Sony’s brand new a6100 is a full featured camera with a pro-level sensor, but was released into an already crowded Sony camera lineup, and is priced at only $150 or so below the impressive a6400. With Sony, it can be hard to keep track of all of the differences between models, and hard to decide which to buy. Let me simplify things.
First, here’s a quick chart of the significant differences between the two cameras. Explanations can be found below.
In fact, the Sony a6100 and a6400 are almost identical: they use the same sensors, the same autofocus systems (including real-time eye detection for humans and animals), they can both shoot action at 11fps, and they will produce the same quality photos. Period.
However, there are some differences in build quality, and there are some differences in the video features.
Body & Build Quality
If you’re paying attention you may notice that the Sony a6100 body is lighter (396g) and made primarily of polycarbonate, while the a6400 has a magnesium alloy body (403g) and basic weather-sealing. However, the weight difference is tiny: just 7g (0.25 oz.), not something that you’ll appreciate while traveling or backpacking.
The rear LCD screens of the two cameras are identical, but the OLED electronic viewfinder (EVF) of the a6400 has significantly higher resolution (about 63% higher) than that of the a6100. The a6100’s EVF has 1.44 million dots, and while that is sufficient, it is disappointingly low compared to the more common 2.4 million dot OLED EVFs on the market today.
Otherwise, the bodies and controls of the cameras are virtually identical. On the back of the camera, the a6400 offers a switch to change the “Exposure Lock” button into an AF/MF button where the a6100 just as an “Exposure Lock” button. They’re identical otherwise.
Both cameras can shoot a wide range of video sizes and frame rates, and both can shoot high-quality 4K video at 24 or 30fps or 1080p video at up to 120fps. However, only the a6400 can shoot with the S-log and HLG (Hybrid Log Gamma) profiles, a flat profile that is typically use by professional film makers who expect to tone and color-grade the video in post-processing.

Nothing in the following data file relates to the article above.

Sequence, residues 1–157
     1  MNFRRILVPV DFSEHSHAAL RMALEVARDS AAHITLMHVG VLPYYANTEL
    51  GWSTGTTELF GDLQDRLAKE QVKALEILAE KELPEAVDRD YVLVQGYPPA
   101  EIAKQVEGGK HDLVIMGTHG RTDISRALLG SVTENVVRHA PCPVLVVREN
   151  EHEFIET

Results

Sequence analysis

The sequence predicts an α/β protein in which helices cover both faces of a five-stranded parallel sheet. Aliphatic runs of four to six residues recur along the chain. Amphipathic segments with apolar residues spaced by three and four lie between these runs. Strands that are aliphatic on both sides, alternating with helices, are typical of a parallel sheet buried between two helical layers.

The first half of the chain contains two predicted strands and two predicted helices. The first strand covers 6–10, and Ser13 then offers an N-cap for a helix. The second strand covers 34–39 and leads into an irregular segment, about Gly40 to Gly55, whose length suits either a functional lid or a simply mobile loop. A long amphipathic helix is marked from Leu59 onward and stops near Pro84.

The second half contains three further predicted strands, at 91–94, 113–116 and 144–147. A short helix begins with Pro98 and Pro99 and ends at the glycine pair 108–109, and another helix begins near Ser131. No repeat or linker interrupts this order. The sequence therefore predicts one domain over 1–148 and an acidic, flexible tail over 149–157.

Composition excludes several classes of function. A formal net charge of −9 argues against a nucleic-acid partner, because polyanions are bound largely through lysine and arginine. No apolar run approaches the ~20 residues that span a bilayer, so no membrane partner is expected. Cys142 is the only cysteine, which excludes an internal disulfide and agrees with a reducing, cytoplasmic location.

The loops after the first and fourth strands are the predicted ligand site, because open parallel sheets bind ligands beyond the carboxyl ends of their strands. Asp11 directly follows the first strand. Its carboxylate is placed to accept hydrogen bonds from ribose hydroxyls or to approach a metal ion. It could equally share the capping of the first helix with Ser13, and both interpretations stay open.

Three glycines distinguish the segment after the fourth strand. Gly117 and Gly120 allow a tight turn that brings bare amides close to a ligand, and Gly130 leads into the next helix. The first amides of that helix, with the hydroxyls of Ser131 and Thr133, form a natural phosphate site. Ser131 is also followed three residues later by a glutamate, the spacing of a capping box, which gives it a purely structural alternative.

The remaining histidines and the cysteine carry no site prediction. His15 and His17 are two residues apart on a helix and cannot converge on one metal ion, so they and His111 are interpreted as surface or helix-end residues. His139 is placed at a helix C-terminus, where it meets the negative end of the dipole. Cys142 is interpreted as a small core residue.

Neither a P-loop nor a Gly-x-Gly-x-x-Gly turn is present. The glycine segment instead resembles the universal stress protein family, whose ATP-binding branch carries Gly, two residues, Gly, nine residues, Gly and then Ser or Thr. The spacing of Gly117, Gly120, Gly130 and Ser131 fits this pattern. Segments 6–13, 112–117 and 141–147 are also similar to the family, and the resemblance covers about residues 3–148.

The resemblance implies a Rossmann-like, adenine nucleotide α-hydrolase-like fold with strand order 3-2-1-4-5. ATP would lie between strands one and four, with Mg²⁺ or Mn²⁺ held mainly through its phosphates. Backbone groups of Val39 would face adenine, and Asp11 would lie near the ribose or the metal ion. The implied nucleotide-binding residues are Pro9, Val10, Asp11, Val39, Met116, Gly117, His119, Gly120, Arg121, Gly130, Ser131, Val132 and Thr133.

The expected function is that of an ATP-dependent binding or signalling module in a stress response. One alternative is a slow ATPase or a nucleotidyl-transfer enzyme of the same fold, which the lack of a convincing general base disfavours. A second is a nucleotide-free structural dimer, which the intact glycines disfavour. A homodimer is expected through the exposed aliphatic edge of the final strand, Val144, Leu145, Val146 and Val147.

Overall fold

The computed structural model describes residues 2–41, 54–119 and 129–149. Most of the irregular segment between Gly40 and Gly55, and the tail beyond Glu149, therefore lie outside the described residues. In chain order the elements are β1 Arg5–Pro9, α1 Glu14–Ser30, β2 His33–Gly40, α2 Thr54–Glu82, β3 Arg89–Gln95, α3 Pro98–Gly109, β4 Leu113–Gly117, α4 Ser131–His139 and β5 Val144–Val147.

Why Get One of These Cameras?
There are a lot of cameras on the market, but few of them can begin to match the features, flexibility and image quality offered by Sony’s APS-C cameras. They offer action shooting at 11 frames per second, the best autofocus system in their class with excellent tracking, and sensors with excellent resolution, dynamic range, and low-light performance.
Sony has been producing compatible E-mount lenses for about a decade, including the professional-class G Master lenses for their full-frame cameras that can also be used on the a6100 and a6400. Sony recently announced the 16-55 f/2.8 lens for APS-C E-mount, which is not cheap but is the equivalent of a professional quality 24-70 f/2.8 for a 35mm camera.
Nikon and Canon, on the other hand, have very lens limited offerings for their mirrorless cameras, as Nikon only launched their Z-system last year (the Z50 is a good option if you can live with the lens options), and Canon’s “M” mount cameras are aimed at the amateur market and require adapters to use lenses from the R or EF mount systems.
Fuji produces the best cameras to compare with the Sony, with the Fuji X-T30 the best competitor in the same price range.
Which One Should You Get?
Want a Better Lens?
Although a kit lens is nice and compact, there are huge advantages to getting a lens that will let in more light and give you better resolution.
I think that the Tamron 17-70 f/2.8 is the best all-around lens for these cameras on the market right now. Watch my video below to see why.
My general camera buying advice is this: buy the least expensive camera that will meet your needs and the best lenses that you can afford. But beyond the low price, there is nothing to recommend the a6100 over the a6400.
With that in mind, the first thing is to check and see if you like the viewfinder of the a6100 (it will still be much better than EVFs from digital point and shoot cameras and video cameras from several years ago). If you do, great. If not, then you can forget everything else; the EVF such an important feature of a mirrorless camera that it’s not worth buying a camera if you don’t like the EVF. Buy the a6400.
If either EVF is fine for you, consider how important shooting video is to you. If you’re going to want S-log or similar flat gamma profiles, get the a6400. Otherwise, stick with the a6100 and save yourself some money so that you can buy better lenses.
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